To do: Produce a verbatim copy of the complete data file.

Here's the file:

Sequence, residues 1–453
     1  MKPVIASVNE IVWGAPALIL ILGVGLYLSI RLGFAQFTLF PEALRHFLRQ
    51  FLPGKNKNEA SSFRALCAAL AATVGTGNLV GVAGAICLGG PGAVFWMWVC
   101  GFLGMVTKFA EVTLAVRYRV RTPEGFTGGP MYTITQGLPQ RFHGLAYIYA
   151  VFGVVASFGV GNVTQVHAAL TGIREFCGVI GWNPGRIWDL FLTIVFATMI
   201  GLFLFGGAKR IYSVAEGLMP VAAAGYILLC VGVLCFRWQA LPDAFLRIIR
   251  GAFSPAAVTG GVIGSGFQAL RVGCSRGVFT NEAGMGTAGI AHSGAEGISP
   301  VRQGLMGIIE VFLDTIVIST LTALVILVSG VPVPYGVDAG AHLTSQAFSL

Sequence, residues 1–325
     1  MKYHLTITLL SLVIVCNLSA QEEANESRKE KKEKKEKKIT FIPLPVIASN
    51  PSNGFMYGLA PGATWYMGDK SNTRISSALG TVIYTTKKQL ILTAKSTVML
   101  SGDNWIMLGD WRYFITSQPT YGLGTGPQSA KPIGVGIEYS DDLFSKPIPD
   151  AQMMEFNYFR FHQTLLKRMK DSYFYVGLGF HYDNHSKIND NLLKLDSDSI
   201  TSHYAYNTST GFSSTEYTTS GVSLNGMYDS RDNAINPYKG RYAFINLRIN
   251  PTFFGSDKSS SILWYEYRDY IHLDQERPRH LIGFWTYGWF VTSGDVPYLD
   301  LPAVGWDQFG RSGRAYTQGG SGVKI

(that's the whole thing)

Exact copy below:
Sequence, residues 1–453
     1  MKPVIASVNE IVWGAPALIL ILGVGLYLSI RLGFAQFTLF PEALRHFLRQ
    51  FLPGKNKNEA SSFRALCAAL AATVGTGNLV GVAGAICLGG PGAVFWMWVC
   101  GFLGMVTKFA EVTLAVRYRV RTPEGFTGGP MYTITQGLPQ RFHGLAYIYA
   151  VFGVVASFGV GNVTQVHAAL TGIREFCGVI GWNPGRIWDL FLTIVFATMI
   201  GLFLFGGAKR IYSVAEGLMP VAAAGYILLC VGVLCFRWQA LPDAFLRIIR
   251  GAFSPAAVTG GVIGSGFQAL RVGCSRGVFT NEAGMGTAGI AHSGAEGISP
   301  VRQGLMGIIE VFLDTIVIST LTALVILVSG VPVPYGVDAG AHLTSQAFSL

Sequence, residues 1–325
     1  MKYHLTITLL SLVIVCNLSA QEEANESRKE KKEKKEKKIT FIPLPVIASN
    51  PSNGFMYGLA PGATWYMGDK SNTRISSALG TVIYTTKKQL ILTAKSTVML
   101  SGDNWIMLGD WRYFITSQPT YGLGTGPQSA KPIGVGIEYS DDLFSKPIPD
   151  AQMMEFNYFR FHQTLLKRMK DSYFYVGLGF HYDNHSKIND NLLKLDSDSI
   201  TSHYAYNTST GFSSTEYTTS GVSLNGMYDS RDNAINPYKG RYAFINLRIN
   251  PTFFGSDKSS SILWYEYRDY IHLDQERPRH LIGFWTYGWF VTSGDVPYLD
   301  LPAVGWDQFG RSGRAYTQGG SGVKI